New PGA president Ted Bishop is making it clear that his two-year term will not be a quiet one

Ted Bishop
Landon Nordeman / SI
Ted Bishop addressed some of the 27,000 members he serves at the 2013 PGA Merchandise Show, one of the organization's marquee events.

American golf is in an interesting, tense place, more so than you might realize, sitting at home on the Barcalounger, and it’s not because the U.S. lost the Ryder Cup again. The cause of the tension is that three men in critical leadership positions have competing agendas. One of them is Tim Finchem, the PGA Tour commissioner, who has been around forever and is signed up through 2016. Another is Mike Davis, the USGA executive director, an uncommonly measured man who came up through the USGA ranks and looks to have a long future at headquarters in Far Hills, in the heart of the Garden State’s horse country. Then there’s the third guy, Ted Bishop, the president of the PGA of America. He’s the outlier.

Bishop, more Hoosier than Larry Legend, is 59, healthy and energetic and living on borrowed time. He became president in November and he’ll serve, in accordance with his organization’s bylaws, one two-year term. Unlike Finchem and Davis, Bishop isn’t making a dime for this sometimes bruising gig. In the meantime he’s living large, golf-style. We’re talking nights at the Plaza Hotel, early morning snacks in the Today show green room, running a press ­conference on the 80th floor of the Empire State Building, long chats with Jack ­Nicklaus, being in the team room at the Ryder Cup, breaking bread with Mark Steinberg at the Links Club on the Upper East Side at a dinner hosted by Jerry Tarde of Golf Digest. Living large and loving life.

But when the clock strikes 12 at the PGA’s annual meeting in November 2014, Ted Bishop will again be able to devote all of his time to his day job, as owner-operator of a public 45-hole complex—the Legends Golf Club in Franklin, Ind.—where revenue is down, rounds are flat and the club’s Chapter 11 restructuring got a big write-up in The ­Indianapolis Star.

Finchem’s view of the world is shaped by what his bosses, the Tour players, want. He hasn’t said anything definitive about anchored putting because his players haven’t said anything definitive. Neither, for that matter, has the USGA. The comment period for the proposed 2016 ban concludes on Feb. 28, and the USGA and the R&A plan to make a final decision on the matter in the spring.

Davis’s view is shaped by what he and his colleagues feel are in the best long-term interests of the game, and that’s why they proposed the ban. The USGA, with the R&A conjoining, believes that a fundamental element of golf is a stroke played with two hands holding a club that swings freely. Yes, it took them nearly 25 years to finally come out and say it, but the Far Hillsers take a long-range view. The game has been played for 600 years and they’re planning for the next 600. Viewed that way, a 25-year ­mistake is barely a blip.

And then there’s Bishop. He’s an analytical man, a jocky wonk. His Tom Watson file, which he assembled to successfully make the case that Watson should be named the 2014 U.S. Ryder Cup captain, has about 70 sheets of paper in it. It is loaded with handwritten data assembled by Bishop and includes summaries of interviews, some of them amazingly direct, that deal with issues like Watson’s history as a drinker (he has stopped) and how involved Hilary Watson would most likely be as the Captainess (more so than Robin Love, who did her work behind the curtain, and less so than Lisa Pavin, who practically stole that soggy 2010 Ryder Cup).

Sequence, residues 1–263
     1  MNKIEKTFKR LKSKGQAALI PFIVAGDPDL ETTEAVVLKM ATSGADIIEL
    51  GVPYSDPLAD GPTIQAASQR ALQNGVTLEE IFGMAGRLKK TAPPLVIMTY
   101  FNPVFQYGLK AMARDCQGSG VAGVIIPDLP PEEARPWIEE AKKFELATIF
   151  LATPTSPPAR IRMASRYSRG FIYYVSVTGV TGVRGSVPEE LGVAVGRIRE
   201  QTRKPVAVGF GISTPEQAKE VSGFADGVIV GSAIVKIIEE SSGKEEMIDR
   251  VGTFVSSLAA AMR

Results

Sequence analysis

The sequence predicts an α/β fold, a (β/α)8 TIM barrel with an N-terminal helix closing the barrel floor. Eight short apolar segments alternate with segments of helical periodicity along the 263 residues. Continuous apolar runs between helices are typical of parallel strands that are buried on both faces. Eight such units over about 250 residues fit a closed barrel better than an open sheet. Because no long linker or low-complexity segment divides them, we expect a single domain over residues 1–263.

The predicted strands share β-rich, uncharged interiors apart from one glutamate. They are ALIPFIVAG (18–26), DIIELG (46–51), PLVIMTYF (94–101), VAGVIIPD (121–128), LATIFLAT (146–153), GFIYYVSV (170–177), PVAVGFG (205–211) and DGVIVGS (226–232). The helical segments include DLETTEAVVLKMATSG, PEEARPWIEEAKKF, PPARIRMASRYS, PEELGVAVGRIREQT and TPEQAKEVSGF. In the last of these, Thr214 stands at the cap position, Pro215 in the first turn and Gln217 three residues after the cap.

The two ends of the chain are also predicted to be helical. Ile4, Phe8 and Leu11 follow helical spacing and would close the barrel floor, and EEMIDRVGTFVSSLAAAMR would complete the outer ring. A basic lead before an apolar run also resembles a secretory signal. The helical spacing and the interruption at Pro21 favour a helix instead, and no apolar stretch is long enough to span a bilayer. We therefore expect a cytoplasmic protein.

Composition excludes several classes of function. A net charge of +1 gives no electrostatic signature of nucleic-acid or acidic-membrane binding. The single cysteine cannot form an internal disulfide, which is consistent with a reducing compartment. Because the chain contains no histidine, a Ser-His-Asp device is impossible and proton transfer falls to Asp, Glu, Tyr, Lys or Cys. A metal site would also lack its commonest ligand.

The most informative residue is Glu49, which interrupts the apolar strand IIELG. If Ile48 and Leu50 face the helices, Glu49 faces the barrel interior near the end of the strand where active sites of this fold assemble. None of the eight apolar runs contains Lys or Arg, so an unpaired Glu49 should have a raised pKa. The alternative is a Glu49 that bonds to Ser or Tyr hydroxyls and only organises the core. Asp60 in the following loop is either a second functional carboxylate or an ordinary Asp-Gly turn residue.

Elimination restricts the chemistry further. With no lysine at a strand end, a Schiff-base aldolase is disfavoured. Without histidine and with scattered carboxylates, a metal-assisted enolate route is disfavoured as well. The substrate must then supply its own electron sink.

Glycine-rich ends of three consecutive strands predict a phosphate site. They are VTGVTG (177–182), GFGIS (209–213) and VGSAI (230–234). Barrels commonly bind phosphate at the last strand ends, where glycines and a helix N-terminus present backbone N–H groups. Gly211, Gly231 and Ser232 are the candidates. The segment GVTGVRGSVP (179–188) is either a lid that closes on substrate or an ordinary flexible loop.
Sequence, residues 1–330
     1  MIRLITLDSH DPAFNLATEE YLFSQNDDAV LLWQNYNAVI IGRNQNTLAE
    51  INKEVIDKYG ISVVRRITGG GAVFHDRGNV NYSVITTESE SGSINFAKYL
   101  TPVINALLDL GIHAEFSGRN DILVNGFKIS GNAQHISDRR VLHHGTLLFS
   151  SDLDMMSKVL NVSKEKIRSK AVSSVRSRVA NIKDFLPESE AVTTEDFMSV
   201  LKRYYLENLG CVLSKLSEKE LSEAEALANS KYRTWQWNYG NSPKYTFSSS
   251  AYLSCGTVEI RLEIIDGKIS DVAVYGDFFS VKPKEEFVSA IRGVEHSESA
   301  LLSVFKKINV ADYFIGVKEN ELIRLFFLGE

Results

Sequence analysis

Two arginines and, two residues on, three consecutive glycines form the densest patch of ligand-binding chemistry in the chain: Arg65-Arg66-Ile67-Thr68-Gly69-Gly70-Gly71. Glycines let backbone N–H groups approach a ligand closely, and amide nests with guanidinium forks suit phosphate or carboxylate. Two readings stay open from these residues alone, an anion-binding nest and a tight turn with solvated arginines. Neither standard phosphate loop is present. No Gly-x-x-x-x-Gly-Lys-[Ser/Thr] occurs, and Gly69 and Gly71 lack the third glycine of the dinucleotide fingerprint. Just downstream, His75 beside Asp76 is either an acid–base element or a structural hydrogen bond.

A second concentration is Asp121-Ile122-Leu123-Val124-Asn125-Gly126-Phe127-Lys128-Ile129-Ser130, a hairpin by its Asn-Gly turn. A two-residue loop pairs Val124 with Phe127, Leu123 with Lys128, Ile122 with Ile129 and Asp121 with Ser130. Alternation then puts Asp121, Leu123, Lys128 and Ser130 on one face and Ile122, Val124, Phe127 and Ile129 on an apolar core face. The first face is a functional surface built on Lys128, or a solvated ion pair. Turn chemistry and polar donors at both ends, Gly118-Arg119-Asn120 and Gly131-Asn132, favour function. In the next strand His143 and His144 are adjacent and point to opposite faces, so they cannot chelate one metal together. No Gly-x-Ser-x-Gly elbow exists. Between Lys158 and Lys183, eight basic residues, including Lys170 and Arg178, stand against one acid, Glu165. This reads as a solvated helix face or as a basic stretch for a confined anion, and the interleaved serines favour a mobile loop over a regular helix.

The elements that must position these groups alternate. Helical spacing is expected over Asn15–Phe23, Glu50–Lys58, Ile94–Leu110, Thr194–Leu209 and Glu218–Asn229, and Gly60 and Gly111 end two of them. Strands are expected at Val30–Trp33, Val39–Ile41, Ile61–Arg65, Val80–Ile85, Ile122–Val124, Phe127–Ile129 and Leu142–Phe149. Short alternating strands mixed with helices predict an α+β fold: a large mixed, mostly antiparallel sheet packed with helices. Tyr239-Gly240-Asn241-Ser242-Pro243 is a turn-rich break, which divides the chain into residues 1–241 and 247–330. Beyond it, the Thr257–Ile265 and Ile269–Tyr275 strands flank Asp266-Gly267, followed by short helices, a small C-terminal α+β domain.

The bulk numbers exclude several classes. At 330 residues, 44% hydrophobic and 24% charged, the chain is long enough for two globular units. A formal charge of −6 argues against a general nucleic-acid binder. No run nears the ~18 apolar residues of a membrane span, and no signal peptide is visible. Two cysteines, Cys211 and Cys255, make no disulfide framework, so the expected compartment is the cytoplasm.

Bishop thinks anchored putting is good for golf, though he is neither a belly man nor a broomsticker himself. He came to golf after years of schoolboy baseball and basketball, he can break 80 on a hard course from the back tees and he uses an elongated putter without anchoring. Bishop says he has heard Davis talk about USGA polling that has shown that golf’s inherent challenge is the single-most appealing thing about the game. Bishop dismisses that. He believes people find golf too challenging, and that is one of the biggest impediments to growing the game.

Despite his personal support for anchoring, Bishop wanted to have a position on the proposed ban that the PGA of America could present and defend publicly. So he did like the pols do. He ordered a poll, a do-it-yourself job.

On the day before Thanksgiving the 27,000 men and women PGA professionals received an e-mail signed by Bishop with this message:

“The PGA recognizes and respects the critical role the USGA plays in writing and interpreting the Rules of Golf and understands that the Rules are a fundamental aspect of the game we all serve. However, we also recognize that our roughly 27,000 PGA professionals are on the front lines of the game and that the PGA exists, in large part, to grow the game.”

From there the pros were invited to put a check beside one of the following two sentences:

• I would favor a ban on anchoring a golf club.

• I would not favor a ban on anchoring a golf club.

By the Sunday after Thanksgiving the results had been tallied: 4,200 pros responded (about 16%) and roughly two thirds of them opposed the ban. Would George Gallup have signed off on the wording? Probably not, not with that leading-the-witness ­preamble. Is the sample big enough? Hard to say. Still, Bishop took it as a major indicator of where his men and women stood. It was a ­tipping point.

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